High inflation, meanwhile, has hurt workers by cutting into their wages.
For the first year and a half of Biden’s presidency, inflation-adjusted wages fell. But over the past two quarters, wage gains started to outpace inflation.
One notable trend is that lower-paid workers have gained more in wages, relatively speaking, than higher-paid workers.
This seems to have driven some workers back into the labor force. Labor force participation measures the percentage of the population 16 and older that is working or looking for work. The economy benefits when this percentage is higher, because it means more people are economically productive.
This metric remains below its pre-pandemic peak, but the good news for Biden is that labor force participation has risen, at least modestly.
The ratio of job openings to workers could push reluctant workers into the labor market. When Biden took office, there were more jobless people than job openings. Now, there are about 1.7 job openings per unemployed worker.
If there’s one economic statistic that galls Americans, it’s the price at the pump.
When Biden took office, the economy was relatively weak because of the pandemic. As a result, demand for gasoline sagged, and prices were relatively low, around $2.40 a gallon. By February 2022, the eve of Russia’s war in Ukraine, the price had risen above $3.50. The war scrambled the world’s petroleum supply, and by midsummer, U.S. gasoline prices were pushing $5 a gallon.
Since then, the price has dropped to around $3.42. That’s far lower than the peak price, but it’s still higher than when Biden took office.
Another closely watched statistic is home values. They have risen through much of Biden’s presidency, giving homeowners increased net worth that they can unlock through home-equity loans. The downside is that higher prices make it harder for first-time homebuyers to enter the market.
Home prices have softened since July 2022. One possible silver lining is that this could make housing more affordable.
Despite rising home prices, homeownership rates have risen modestly on Biden’s watch.
During Biden’s first year in office, the S&P 500, a broad stock market index, rose by about 20%. But in 2022, the S&P 500 gave away most of those gains, amid growing concerns about inflation and a possible recession.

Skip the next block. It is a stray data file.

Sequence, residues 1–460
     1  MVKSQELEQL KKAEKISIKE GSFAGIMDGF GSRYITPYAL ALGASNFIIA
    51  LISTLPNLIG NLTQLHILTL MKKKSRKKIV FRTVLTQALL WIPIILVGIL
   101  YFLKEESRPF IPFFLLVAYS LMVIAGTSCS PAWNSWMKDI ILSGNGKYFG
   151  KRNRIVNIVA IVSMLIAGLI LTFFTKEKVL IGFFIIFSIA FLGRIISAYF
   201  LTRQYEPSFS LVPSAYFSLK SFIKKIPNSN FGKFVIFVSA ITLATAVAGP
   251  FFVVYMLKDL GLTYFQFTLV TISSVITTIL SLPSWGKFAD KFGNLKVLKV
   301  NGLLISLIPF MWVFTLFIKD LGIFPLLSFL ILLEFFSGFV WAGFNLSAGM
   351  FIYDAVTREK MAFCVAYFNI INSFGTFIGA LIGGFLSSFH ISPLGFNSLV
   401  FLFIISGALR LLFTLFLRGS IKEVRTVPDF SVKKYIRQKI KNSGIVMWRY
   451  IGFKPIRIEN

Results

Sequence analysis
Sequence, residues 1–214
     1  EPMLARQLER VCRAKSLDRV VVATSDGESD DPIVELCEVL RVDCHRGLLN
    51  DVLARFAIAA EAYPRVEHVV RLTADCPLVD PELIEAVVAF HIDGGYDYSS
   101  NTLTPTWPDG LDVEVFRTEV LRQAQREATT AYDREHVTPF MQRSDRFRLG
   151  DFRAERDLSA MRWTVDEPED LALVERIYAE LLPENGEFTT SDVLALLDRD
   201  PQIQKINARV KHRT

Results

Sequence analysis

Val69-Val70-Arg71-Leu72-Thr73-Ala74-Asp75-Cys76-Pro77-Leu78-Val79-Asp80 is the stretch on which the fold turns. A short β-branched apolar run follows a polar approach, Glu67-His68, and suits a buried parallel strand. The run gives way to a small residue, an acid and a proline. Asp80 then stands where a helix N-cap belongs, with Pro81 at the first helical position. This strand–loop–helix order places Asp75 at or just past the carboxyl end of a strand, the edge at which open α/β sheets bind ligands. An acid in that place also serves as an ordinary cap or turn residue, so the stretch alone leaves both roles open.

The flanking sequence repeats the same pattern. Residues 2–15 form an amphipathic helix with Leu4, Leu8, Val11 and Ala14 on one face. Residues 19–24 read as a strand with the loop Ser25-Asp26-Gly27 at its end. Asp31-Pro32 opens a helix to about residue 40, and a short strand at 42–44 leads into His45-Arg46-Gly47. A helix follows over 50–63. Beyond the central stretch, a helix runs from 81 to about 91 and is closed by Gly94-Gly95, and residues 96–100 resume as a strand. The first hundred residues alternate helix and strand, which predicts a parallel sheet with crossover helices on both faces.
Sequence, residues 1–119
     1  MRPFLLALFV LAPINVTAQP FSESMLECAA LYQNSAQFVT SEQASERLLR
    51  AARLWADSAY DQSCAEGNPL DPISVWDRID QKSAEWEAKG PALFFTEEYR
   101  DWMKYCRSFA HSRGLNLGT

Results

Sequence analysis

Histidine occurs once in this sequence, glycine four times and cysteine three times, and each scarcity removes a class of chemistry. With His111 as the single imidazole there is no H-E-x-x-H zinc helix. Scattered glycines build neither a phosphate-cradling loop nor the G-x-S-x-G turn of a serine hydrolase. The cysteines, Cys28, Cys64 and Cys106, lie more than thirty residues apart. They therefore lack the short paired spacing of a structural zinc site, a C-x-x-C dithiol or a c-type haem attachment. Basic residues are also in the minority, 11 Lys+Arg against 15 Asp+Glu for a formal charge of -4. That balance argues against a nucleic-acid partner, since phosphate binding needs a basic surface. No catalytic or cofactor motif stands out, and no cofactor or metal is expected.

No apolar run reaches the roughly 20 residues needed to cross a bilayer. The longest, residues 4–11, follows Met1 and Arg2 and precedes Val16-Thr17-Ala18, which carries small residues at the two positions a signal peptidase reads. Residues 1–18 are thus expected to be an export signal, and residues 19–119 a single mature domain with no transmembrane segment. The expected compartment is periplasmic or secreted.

The S&P 500 bottomed out in the fall of 2022 and has risen since, by enough to leave it higher than when Biden took office.
Along with inflation, the stock market’s performance seems to have eroded the public’s economic confidence.
A widely watched University of Michigan survey shows consumer confidence fell after Biden was sworn in. But after bottoming out as inflation eased, consumer confidence has risen since summer 2022.
Nevertheless, confidence remains modestly below where it was when Biden took office.
Federal Reserve Bank of St. Louis, unemployment rate, accessed Apr. 25, 2023
Federal Reserve Bank of St. Louis, unemployment rate, white, accessed Apr. 25, 2023
Federal Reserve Bank of St. Louis, unemployment rate, Black, accessed Apr. 25, 2023
Federal Reserve Bank of St. Louis, unemployment rate, Hispanic, accessed Apr. 25, 2023
Federal Reserve Bank of St. Louis, unemployment rate, Asian, accessed Apr. 25, 2023
Federal Reserve Bank of St. Louis, median weeks unemployed, accessed Apr. 25, 2023
Federal Reserve Bank of St. Louis, all nonfarm employees, accessed Apr. 25, 2023
Federal Reserve Bank of St. Louis, all manufacturing employees, accessed Apr. 25, 2023
Federal Reserve Bank of St. Louis, labor force participation rate, accessed Apr. 25, 2023
Federal Reserve Bank of St. Louis, labor force participation rate, men, accessed Apr. 25, 2023
Federal Reserve Bank of St. Louis, labor force participation rate, women, accessed Apr. 25, 2023
Bureau of Economic Analysis, gross domestic product change by quarter, accessed Apr. 25, 2023
Federal Reserve Bank of St. Louis, median usual weekly real earnings for full-time wage and salary workers, 16 years and over, accessed Apr. 25, 2023
Federal Reserve Bank of St. Louis, Consumer Price Index for All Urban Consumers: All Items in U.S. City Average, accessed Apr. 25, 2023
Energy Information Administration, U.S. Regular All Forumulations Retail Gasoline Prices, accessed Apr. 25, 2023
Federal Reserve Bank of St. Louis, homeownership rate, accessed Apr. 25, 2023
Federal Reserve Bank of St. Louis, industrial production index, accessed Apr. 25, 2023
Yahoo! Finance, S&P 500 historical data, accessed Apr. 25, 2023
Federal Reserve Bank of St. Louis, University of Michigan consumer sentiment survey, accessed Apr. 25, 2023
Federal Reserve Bank of St. Louis, S&P/Case-Shiller U.S. National Home Price Index, accessed Apr. 25, 2023
Federal Reserve Bank of St. Louis, job openings, total nonfarm, accessed Apr. 25, 2023
Federal Reserve Bank of St. Louis, unemployment level, accessed Apr. 25, 2023